Mr. Enders: We can have a counter-proposal. There’s a further proposal—and that is that the IMF begin selling its gold—which is now 7 billion—to the world market, and we should try to negotiate that. That would begin the demonetization of gold.
Secretary Kissinger: Why are we so eager to get gold out of the system?
Mr. Enders: We were eager to get it out of the system—get started—because it’s a typical balancing of either forward or back. If this proposal goes back, it will go back into the centerpiece system.
Secretary Kissinger: But why is it against our interests? I understand the argument that it’s against our interest that the Europeans take a unilateral decision contrary to our policy. Why is it against our interest to have gold in the system?
Mr. Enders: It’s against our interest to have gold in the system because for it to remain there it would result in it being evaluated periodically. Although we have still some substantial gold holdings—about 11 billion—a larger part of the official gold in the world is concentrated in Western Europe. This gives them the dominant position in world reserves and the dominant means of creating reserves. We’ve been trying to get away from that into a system in which we can control—
Mr. Enders: Yes. But in order for them to do it anyway, they would have to be in violation of important articles of the IMF. So this would not be a total departure. (Laughter.) But there would be reluctance on the part of some Europeans to do this. We could also make it less interesting for them by beginning to sell our own gold in the market, and this would put pressure on them.
Mr. Maw: Why wouldn’t that fit if we start to sell our own gold at a price?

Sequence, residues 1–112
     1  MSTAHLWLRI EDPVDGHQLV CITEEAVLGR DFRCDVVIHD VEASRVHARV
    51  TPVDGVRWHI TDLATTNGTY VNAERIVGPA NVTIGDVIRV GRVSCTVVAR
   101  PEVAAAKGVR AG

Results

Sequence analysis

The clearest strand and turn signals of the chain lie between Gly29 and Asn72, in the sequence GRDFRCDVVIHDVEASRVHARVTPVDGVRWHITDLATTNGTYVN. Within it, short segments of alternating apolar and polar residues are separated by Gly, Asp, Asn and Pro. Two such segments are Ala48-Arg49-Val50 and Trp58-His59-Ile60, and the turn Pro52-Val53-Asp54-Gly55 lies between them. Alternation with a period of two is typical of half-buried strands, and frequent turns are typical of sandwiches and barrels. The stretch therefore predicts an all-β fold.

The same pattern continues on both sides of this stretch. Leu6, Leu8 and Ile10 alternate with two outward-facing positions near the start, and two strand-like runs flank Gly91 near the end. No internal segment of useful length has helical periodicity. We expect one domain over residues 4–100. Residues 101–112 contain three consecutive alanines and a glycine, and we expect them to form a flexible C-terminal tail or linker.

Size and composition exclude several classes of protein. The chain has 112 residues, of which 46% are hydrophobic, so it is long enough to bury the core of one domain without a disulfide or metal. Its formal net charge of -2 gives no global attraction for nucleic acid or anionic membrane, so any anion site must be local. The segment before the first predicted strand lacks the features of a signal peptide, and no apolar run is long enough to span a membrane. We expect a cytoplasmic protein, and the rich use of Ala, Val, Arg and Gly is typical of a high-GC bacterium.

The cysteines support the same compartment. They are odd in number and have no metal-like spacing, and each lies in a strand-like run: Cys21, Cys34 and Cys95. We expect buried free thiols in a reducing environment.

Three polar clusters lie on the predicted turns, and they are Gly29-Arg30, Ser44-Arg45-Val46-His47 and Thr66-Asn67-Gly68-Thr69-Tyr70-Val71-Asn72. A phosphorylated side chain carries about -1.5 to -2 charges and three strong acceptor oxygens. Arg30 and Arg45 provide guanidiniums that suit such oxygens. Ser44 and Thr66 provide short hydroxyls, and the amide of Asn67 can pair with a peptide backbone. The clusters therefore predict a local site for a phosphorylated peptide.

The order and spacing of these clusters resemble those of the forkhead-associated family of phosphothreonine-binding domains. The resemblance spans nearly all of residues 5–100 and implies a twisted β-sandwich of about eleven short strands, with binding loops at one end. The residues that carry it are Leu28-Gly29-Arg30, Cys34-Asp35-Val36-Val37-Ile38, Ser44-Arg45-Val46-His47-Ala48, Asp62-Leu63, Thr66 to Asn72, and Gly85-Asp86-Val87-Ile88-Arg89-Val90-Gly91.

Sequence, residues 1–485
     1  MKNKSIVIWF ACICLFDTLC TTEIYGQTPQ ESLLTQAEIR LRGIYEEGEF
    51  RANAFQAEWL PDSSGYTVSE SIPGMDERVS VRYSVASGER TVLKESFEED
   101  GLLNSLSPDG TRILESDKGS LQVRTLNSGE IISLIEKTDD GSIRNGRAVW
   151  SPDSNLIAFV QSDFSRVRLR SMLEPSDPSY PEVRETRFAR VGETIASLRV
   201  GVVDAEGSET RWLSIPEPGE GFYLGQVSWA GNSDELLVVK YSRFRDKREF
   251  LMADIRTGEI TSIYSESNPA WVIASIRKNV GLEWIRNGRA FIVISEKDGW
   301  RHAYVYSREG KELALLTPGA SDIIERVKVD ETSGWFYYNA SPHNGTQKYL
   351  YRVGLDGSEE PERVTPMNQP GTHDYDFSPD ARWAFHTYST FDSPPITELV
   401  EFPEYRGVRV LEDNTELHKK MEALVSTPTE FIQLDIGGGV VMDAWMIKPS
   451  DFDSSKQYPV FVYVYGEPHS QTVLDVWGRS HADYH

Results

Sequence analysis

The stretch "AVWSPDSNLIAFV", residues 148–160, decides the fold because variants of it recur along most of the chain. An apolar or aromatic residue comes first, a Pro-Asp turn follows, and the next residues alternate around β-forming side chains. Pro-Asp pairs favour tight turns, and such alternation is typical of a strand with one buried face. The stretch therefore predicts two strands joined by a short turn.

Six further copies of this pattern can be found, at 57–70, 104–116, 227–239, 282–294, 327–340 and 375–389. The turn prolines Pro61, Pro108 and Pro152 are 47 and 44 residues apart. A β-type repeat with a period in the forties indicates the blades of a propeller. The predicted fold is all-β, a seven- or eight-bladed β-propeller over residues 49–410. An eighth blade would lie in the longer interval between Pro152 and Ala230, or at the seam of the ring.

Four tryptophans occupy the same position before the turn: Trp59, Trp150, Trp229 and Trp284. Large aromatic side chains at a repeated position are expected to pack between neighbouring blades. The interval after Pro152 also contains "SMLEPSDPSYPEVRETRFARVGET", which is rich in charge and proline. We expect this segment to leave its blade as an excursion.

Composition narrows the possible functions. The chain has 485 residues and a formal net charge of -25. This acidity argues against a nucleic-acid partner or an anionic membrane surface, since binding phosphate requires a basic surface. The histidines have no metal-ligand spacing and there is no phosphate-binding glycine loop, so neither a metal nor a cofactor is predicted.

Secretary Kissinger: But how the hell could this happen without our knowing about it ahead of time?
Mr. Hartman: We’ve had consultations on it ahead of time. Several of them have come to ask us to express our views. And I think the reason they’re coming now to ask about it is because they know we have a generally negative view.
Mr. Enders: So I think we should try to break it, I think, as a first position—unless they’re willing to assign some form of demonetizing arrangement.
Secretary Kissinger: But, first of all, that’s impossible for the French.
Mr. Enders: Well, it’s impossible for the French under the Pompidou Government. Would it be necessarily under a future French Government? We should test that.
Secretary Kissinger: If they have gold to settle current accounts, we’ll be faced, sooner or later, with the same proposition again. Then others will be asked to join this settlement thing.
Isn’t this what they’re doing?
Mr. Enders: It seems to me, Mr. Secretary, that we should try—not rule out, a priori, a demonetizing scenario, because we can both gain by this. That liberates gold at a higher price. We have gold, and some of the Europeans have gold. Our interests join theirs. This would be helpful; and it would also, on the other hand, gradually remove this dominant position that the Europeans have had in economic terms.